A satyr is a seelie fey that enjoys living and reveling in wild places. They are usually found in the forests of Canstice, though they also live in Thantena Forest. Satyrs live life for their enjoyment, seeking pleasure in love, music, poetry, bravado and drink.

Satyrs are debauched and hedonistic creatures of the deepest, most primeval parts of the woods. They adore wine, music, and carnal delights, and are renowned as rakes and smooth-talkers, wooing unwary maidens and shepherd boys and leaving a trail of awkward explanations and unplanned pregnancies in their wakes.

Though their bodies are almost always those of attractive and well-built men, much of the satyrs' talent for seduction lies in their talent for music. With the aid of his eponymous pipes, a satyr is capable of weaving a wide variety of melodic spells designed to enchant others and bring them in line with his capricious desires.

In addition to their constant frolicking, satyrs often act as guardians of the creatures in their forest homes, and any who manage to turn the satyr's lust to wrath are likely to find themselves facing down dangerous animals surrounding the faun. Still, while satyrs tend to value their own amusement well above the rights of others, they bear no ill will toward those they seduce. Children born from such encounters are always full-blooded satyrs, and are generally spirited away by their riotous kin soon after birth.

So let’s take it as a given that you know how to play satyrs as seducers, rakes, drunkards, and flighty, mercurial fey. A satyr wants something the party has, uses his pipes, the party makes or fails their saves, etc., etc. Right?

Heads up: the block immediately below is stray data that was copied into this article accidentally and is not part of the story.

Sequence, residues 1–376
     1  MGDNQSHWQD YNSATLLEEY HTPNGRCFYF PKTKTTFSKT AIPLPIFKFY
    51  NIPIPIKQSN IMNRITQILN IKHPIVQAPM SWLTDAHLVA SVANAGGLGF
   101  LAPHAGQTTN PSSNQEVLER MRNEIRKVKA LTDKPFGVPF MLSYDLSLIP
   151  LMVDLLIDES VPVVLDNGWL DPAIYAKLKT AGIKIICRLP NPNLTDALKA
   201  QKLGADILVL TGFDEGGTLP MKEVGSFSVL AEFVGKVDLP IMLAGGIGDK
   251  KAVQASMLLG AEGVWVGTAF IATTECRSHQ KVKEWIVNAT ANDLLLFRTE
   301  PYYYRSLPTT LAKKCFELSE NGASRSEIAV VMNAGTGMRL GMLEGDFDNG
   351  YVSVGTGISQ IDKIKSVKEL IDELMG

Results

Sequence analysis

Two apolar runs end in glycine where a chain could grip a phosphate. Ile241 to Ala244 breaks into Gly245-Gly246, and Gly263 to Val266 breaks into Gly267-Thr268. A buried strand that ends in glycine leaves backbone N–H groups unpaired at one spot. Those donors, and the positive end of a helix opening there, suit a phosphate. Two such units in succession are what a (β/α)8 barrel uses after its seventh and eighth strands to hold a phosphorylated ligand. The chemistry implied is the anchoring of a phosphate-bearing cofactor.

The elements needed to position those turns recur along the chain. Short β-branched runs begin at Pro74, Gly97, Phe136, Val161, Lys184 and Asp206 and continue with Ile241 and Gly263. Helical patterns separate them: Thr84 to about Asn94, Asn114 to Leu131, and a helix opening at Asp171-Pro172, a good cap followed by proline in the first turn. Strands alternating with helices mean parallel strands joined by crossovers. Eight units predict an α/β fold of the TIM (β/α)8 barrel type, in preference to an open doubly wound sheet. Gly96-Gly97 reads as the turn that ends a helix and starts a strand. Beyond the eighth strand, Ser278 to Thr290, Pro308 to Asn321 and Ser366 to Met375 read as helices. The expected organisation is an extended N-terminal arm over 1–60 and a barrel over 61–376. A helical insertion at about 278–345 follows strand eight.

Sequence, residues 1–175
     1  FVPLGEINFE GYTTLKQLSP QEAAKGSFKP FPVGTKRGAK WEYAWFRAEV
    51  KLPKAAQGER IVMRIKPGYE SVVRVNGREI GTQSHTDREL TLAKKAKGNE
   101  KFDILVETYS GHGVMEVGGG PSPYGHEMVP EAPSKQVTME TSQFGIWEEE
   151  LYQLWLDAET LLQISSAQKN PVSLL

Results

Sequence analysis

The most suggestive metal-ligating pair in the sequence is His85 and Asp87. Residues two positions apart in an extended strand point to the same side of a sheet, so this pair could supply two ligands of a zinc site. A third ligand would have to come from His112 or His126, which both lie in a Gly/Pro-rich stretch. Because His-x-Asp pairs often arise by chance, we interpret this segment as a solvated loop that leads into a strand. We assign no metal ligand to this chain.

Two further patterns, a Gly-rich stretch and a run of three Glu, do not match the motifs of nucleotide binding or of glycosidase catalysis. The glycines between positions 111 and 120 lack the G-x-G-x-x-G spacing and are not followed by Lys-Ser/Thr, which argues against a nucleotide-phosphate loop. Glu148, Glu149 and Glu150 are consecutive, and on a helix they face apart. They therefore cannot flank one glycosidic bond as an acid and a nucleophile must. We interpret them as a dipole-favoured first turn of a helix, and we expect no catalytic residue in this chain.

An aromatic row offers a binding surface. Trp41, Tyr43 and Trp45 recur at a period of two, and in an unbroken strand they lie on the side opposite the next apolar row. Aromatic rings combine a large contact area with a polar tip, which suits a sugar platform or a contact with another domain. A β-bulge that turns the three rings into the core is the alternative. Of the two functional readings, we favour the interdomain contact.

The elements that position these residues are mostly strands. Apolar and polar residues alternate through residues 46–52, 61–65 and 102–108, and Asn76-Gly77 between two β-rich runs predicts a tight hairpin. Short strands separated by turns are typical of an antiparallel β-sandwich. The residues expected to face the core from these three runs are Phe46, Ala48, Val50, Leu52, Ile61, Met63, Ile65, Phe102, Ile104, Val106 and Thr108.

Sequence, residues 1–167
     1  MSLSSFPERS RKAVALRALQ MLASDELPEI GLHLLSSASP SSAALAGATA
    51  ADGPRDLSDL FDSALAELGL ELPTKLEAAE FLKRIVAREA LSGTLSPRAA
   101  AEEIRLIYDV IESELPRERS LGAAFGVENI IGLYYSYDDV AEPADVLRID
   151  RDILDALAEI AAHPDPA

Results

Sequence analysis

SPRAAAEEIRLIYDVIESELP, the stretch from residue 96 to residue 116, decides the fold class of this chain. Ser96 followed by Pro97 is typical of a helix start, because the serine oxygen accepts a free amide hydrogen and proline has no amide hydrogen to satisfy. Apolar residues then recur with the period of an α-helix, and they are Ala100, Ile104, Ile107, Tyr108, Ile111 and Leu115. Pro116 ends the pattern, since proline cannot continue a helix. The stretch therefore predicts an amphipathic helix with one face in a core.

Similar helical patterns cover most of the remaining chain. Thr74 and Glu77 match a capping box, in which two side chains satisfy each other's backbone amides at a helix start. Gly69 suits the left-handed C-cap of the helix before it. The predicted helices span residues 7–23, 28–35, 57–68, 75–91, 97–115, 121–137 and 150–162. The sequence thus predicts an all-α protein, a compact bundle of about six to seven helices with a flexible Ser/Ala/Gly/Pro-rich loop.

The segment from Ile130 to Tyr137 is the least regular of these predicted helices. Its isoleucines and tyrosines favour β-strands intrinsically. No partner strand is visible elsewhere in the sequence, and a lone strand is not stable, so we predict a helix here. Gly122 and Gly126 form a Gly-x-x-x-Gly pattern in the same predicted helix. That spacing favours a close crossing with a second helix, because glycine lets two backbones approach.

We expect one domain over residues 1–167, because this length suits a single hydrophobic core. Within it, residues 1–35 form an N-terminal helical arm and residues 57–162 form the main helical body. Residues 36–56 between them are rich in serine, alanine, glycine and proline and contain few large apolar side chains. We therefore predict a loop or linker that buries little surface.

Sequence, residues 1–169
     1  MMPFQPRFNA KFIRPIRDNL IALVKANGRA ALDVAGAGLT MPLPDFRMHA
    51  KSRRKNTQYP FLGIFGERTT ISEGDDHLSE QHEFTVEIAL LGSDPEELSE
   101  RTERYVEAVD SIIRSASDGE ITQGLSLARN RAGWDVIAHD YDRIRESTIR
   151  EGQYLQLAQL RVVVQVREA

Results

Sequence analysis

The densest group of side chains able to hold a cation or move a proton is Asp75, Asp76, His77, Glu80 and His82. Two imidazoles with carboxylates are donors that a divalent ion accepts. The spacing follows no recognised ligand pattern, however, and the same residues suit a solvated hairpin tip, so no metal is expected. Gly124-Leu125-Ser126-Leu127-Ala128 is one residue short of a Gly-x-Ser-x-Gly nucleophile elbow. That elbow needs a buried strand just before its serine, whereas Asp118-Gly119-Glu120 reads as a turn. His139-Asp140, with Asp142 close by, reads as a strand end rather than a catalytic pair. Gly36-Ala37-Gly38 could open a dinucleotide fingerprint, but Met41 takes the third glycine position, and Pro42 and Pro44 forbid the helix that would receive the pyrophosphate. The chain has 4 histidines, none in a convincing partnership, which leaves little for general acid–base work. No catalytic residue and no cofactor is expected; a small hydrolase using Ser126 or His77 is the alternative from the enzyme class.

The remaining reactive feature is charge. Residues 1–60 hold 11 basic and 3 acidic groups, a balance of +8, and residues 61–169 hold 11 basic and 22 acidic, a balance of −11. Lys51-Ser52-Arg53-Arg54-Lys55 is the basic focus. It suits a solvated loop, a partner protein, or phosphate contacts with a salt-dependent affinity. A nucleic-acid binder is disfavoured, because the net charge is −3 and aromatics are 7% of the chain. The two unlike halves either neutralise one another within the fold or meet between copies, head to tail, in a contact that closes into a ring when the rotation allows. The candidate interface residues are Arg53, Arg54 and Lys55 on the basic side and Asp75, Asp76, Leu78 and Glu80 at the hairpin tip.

But there’s nothing saying that in a cosmopolitan campaign you couldn’t deëmphasize their more licentious aspects and have them be just another race in the throng. How cool would it be to have the guy at the bar next to your fighter sporting hooves instead of boots? One could easily imagine them in the more bohemian districts of your fantasy cities, hanging out with barbarians, taking mercenary jobs, and generally living it up. They also might be sought after as lovers, slaves, or entertainers. They are nature’s lust and appetite personified, its greedy, Bacchanal aspect writ large…and that aspect translates into many facets of the adventuring lifestyle. So why keep them in the woods?

A bard goes looking for a famous instrument maker, only to discover he is a satyr. Worse yet, the goat-man objects to the stink of metal on the bard and his companions, and he instigates the local woodland defenders into attacking them. The party must pull their punches to avoid untoward bloodshed and win over the satyr. Sadly the local fey, animals, and plants have fewer scruples.

A faun goes looking for his absent satyr father. The boy is quite optimistic—his memories of his father’s occasional visits are fond ones, and his very existence speaks to the real love his parents shared. But his father’s mind is not his own anymore. Warped into evil by an intelligent magical scimitar, the satyr now serves as a counselor and (thanks to his pipes, very persuasive) lobbyist for a local warlord.

Satyrs are prevalent in Kadrian as mercenaries, hired hands, and entertainers. They enjoy staying in the rough-and-tumble districts for a season—hanging out with the Sark barbarians, drinking in pubs, and taking odd jobs and as many lovers as possible. Strangely, these liaisons seem to be largely fruitless—certainly, one does not see many young satyrs or fauns in the streets. But closer investigation reveals a striking number of lower-class women and artists who vanish from their beds in the dead of night, typically after a visit from one of the red-curtained coaches that may or may not have a connection to Kadrian’s power-hungry archduke…


The Nine Satyrs of Gogan

Notable Satyrs

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